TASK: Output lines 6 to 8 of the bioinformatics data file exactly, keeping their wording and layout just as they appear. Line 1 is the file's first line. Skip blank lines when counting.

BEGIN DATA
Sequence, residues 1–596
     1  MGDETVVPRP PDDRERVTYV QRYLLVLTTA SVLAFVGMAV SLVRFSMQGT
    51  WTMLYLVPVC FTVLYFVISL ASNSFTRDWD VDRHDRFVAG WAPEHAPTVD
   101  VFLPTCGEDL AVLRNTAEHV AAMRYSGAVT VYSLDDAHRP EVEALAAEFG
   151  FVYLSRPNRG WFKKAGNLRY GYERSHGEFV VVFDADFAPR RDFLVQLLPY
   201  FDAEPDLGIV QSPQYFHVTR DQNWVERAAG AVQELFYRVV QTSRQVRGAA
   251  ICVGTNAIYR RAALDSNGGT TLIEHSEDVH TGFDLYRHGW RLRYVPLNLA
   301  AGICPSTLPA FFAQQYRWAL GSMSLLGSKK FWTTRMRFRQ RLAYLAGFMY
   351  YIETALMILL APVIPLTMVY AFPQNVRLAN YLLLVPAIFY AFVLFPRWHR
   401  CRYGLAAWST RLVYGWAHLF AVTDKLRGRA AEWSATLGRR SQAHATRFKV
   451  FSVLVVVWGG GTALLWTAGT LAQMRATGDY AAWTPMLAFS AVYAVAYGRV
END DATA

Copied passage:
   201  FDAEPDLGIV QSPQYFHVTR DQNWVERAAG AVQELFYRVV QTSRQVRGAA
   251  ICVGTNAIYR RAALDSNGGT TLIEHSEDVH TGFDLYRHGW RLRYVPLNLA
   301  AGICPSTLPA FFAQQYRWAL GSMSLLGSKK FWTTRMRFRQ RLAYLAGFMY